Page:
For 2nd time in a week, Iran announces arrest of alleged Israeli spy network

Outlet claims spy ring was in contact with head of Mossad; comes days after Tehran claimed another group of spies was busted hours before detonating explosives at ‘sensitive site’

An Iranian flag flutters at Iran's Bushehr nuclear power plant on November 10, 2019. (Atta Kenare/AFP)
An Iranian flag flutters at Iran's Bushehr nuclear power plant on November 10, 2019. (Atta Kenare/AFP)

An alleged Israeli spy network made up of five individuals has been arrested in Iran, an Iranian media outlet claimed Thursday, the second such group detention announced within a week.

The semi-official Iranian Labour News Agency said the five suspects were the leader of the cell and four associates, all of whom were “affiliated with the Israeli regime” and had allegedly been in contact with the head of Israel’s Mossad.

The report said Iran claimed the alleged spies had told the chief of the Israeli spy agency that they would “collect information from important and vital areas.”

The report also said that the group was accused of arson and had been trained to carry out acts of terrorism and sabotage.

ILNA said the cell had received financial payment for their activities and had been found to be in possession of “advanced equipment” as well as cellphones and SIM cards.

According to the report, the group was in contact with Mossad via the “leader of one of the separatist groups” which has a “history of mercenary activity” for Israel.

The report didn’t reveal the nationalities of the suspects, nor has it identified the targets of the purported plots. It was not clear when the group was arrested.

Iran occasionally announces the detention of people it says are spying for foreign countries, including the United States and Israel, though it does not provide evidence to back up such claims.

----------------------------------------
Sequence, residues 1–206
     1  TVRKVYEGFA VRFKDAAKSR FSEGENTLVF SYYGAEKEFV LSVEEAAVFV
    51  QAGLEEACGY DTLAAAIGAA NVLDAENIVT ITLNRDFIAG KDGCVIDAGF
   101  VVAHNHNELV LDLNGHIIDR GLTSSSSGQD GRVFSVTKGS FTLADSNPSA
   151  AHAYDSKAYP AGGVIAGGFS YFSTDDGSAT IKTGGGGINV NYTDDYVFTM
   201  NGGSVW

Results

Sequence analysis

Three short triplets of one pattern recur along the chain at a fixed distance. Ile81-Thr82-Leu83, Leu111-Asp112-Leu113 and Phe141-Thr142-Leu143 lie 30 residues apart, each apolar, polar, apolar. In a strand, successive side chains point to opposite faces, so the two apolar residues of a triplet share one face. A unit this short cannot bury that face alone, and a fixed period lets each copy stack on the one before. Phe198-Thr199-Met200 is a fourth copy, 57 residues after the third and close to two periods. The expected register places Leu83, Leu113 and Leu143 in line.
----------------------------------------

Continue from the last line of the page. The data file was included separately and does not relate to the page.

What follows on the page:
A person involved with security at the Uranium Conversion Facility just outside the city of Isfahan, Iran, on March 30, 2005. (AP Photo/Vahid Salemi, File)

The announcement came days after the Islamic Republic claimed to have stopped another Israeli spy network, arresting agents who had tried to carry out sabotage and “terrorist operations” with the help of state-of-the-art technology.

Nour News, a website linked to the Islamic Revolutionary Guards Corps, claimed that an alleged Israeli spy network was caught by Iranian authorities while laying explosives at a “very sensitive” site in the Isfahan Province, hours before planning to detonate them. The cell, the website said, entered Iran months ago from Iraqi Kurdistan, after being trained in Africa under the guidance of the Mossad spy agency.

According to the report, the members of the network were arrested as “high-explosive materials were planted” at the targeted site, only a few hours before the “final stage of their terrorist operation.” Isfahan province is home to the Natanz nuclear plant, which has been targeted in attacks blamed by Tehran on Israel.

Last month, The New York Times reported that a senior Revolutionary Guards officer, Brig. Gen. Ali Nasiri, was secretly arrested for allegedly spying for Israel.

Citing officials with close ties to the IRGC speaking on condition of anonymity, the report said the arrest marked a growing level of distrust among the country’s senior leadership partly attributed to Israel’s alleged recent operations in the country. Nasiri served as a senior commander in the IRGC Protection of Information Unit, the report said.

Two months earlier, a few dozen security officials involved in Iran’s missile program were arrested for allegedly leaking classified information to Israel, the newspaper said.

Several months ago, the IRGC’s intelligence chief Hossein Taeb was replaced. Taeb, who held the position for more than 12 years, had been tasked with exposing Israel’s spy network in Iran, an unnamed adviser to the Iranian government and an individual affiliated with the IRGC both told the Times.

Hossein Taeb, former head of the intelligence apparatus of the Islamic Revolutionary Guard Corps (IRGC), looks on during a meeting in Tehran on June 24, 2018. (Hamed Malekpour/Tasnim News/AFP)

Taeb’s downfall is seen by some as a prime example of the long-running campaign by Israel to expose failures by the IRGC by allegedly stepping up attacks against Iran’s nuclear facilities in recent months and targeting high-level officials inside Iranian territory — all meant to generate conflict between the political and defense establishments in Iran, Israeli officials told the newspaper.

The Times reported that Taeb had “seemed untouchable” before a number of recent high-profile killings blamed on Israel and before the apparently foiled Iranian plan to attack Israelis in Turkey.

Iran and Israel have been engaged in a years-long shadow war but tensions have ratcheted up following a string of high-profile incidents Tehran has blamed on Jerusalem.

A number of IRGC members and scientists have been killed in recent months, with Iran often pointing the finger at Israel.

AFP contributed to this report.

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